But may not this very careful watching, this ceaseless struggling and striving, have a strong tendency to defeat its own purpose? It is not by painful introspection that " uprightness " of heart is promoted, but rather by keeping eyes and heart fixed upon an object outside of our sinful selves.

Nor is it by very constantly watching our " feet," that we shall be enabled to " walk uprightly."

Indeed, it is a spiritual as well as a physical impossibility to walk in an erect posture, or to walk in a straight path, if we will have our eyes fixed upon our feet. Try it, and you will see! It is so very depressing, too! But he who walks with eyes uplifted will almost unconsciously, perhaps, but not the less surely, walk uprightly.

Far be the thought that a careless or inconsistent walk is, for one moment, to be tolerated by those who name the name of Christ! Far be the thought that we would, in the smallest degree, weaken or overlook our Lord's command— "Watch and pray, that ye enter not into temptation." To such as fain would find an excuse for a worldly, God-dishonouring life, we have nothing, just now, to say. It is to such as are earnestly desiring to live the holy life, to follow closely in the steps of Jesus, and even to " run in the way of His commandments," that we would seek to speak a helpful word: believing that many a sad, weary, anxious heart would lose a burden too heavy for it, by very simply but definitely committing the keeping of the "feet"—so prone to wander—to Him who has promised that they "shall not stumble," and who is so able and so willing to do as He has said.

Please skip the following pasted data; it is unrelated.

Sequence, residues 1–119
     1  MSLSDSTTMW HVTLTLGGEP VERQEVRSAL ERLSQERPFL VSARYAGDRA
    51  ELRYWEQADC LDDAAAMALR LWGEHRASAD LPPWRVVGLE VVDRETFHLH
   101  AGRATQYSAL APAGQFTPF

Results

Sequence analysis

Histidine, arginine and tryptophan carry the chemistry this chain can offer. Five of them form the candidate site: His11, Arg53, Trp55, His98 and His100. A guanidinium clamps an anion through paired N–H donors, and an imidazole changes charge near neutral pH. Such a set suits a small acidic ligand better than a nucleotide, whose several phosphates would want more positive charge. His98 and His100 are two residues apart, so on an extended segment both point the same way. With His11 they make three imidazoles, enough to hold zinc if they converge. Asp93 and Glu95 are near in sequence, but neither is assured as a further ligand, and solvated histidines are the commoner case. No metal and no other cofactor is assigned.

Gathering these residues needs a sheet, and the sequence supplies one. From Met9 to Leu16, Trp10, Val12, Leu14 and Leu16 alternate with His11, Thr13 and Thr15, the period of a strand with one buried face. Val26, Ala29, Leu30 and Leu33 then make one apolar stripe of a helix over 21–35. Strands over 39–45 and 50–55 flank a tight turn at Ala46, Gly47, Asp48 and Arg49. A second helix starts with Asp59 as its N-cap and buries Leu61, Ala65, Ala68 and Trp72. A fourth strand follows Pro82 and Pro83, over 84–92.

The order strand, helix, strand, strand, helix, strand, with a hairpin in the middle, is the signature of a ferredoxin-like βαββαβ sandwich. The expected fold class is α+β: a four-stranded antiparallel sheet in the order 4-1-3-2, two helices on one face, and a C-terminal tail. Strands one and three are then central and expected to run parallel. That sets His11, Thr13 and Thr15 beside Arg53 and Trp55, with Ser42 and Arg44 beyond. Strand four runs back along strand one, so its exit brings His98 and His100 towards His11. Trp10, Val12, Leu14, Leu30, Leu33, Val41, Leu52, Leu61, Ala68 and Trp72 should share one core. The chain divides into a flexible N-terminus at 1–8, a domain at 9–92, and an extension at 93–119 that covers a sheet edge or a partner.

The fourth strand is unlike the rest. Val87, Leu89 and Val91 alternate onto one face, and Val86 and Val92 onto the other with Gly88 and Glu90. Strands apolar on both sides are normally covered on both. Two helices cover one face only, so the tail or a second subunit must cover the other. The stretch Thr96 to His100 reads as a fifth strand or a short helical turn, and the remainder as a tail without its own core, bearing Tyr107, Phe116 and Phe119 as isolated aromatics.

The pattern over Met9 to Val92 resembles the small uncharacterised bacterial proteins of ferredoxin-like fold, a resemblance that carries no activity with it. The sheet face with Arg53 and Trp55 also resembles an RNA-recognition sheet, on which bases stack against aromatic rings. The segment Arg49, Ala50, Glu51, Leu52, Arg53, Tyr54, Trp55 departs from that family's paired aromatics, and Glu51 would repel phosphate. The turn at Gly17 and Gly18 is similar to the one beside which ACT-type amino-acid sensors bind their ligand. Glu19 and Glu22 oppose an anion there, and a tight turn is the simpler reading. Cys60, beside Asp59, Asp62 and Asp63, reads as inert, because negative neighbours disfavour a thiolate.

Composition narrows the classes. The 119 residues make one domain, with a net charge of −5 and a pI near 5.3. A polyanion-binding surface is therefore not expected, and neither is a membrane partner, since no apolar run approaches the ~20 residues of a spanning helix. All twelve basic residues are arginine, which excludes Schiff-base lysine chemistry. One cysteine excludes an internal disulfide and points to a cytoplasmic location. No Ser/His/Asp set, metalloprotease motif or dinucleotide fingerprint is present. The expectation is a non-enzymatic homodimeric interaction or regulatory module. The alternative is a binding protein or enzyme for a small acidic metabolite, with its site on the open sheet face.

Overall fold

1 Psa. lxxxiv. II.

If we will insist on having our walk, even to any extent, in our own keeping, we shall often find ourselves in darkness and depression; but, in proportion as we yield ourselves—body, soul, and spirit—to His unerring guidance, He will assuredly teach us His paths, and we shall find that the walk of faith is ever a walking in the light, in happy fellowship with the Son of God, and that the precious Blood does, indeed, and continuously, cleanse us "from all sin."l

On such as thus walk with Jesus shall fall the full sunlight from the everlasting hills, and they shall reflect the glory of Him on whom they gaze. "We all, with unveiled face, reflecting as in a mirror, the glory of the Lord, are transformed into the same image from glory to glory, even as from the Lord the Spirit." 2

Will this have a tendency to make our walk a careless one? Never! As we have, with "hearts at leisure " from themselves, more and more of the perfections of Him who is " altogether lovely," and realize that He is ours, so shall we increasingly desire to please Him well in all things; and looking up constantly to catch His smile of approval, our thoughts will assuredly be, in a larger degree, raised above the distracting influences of time and sense; so that, in fact,

1 I John i. 7. s Cor. iii. 18, rev. ver.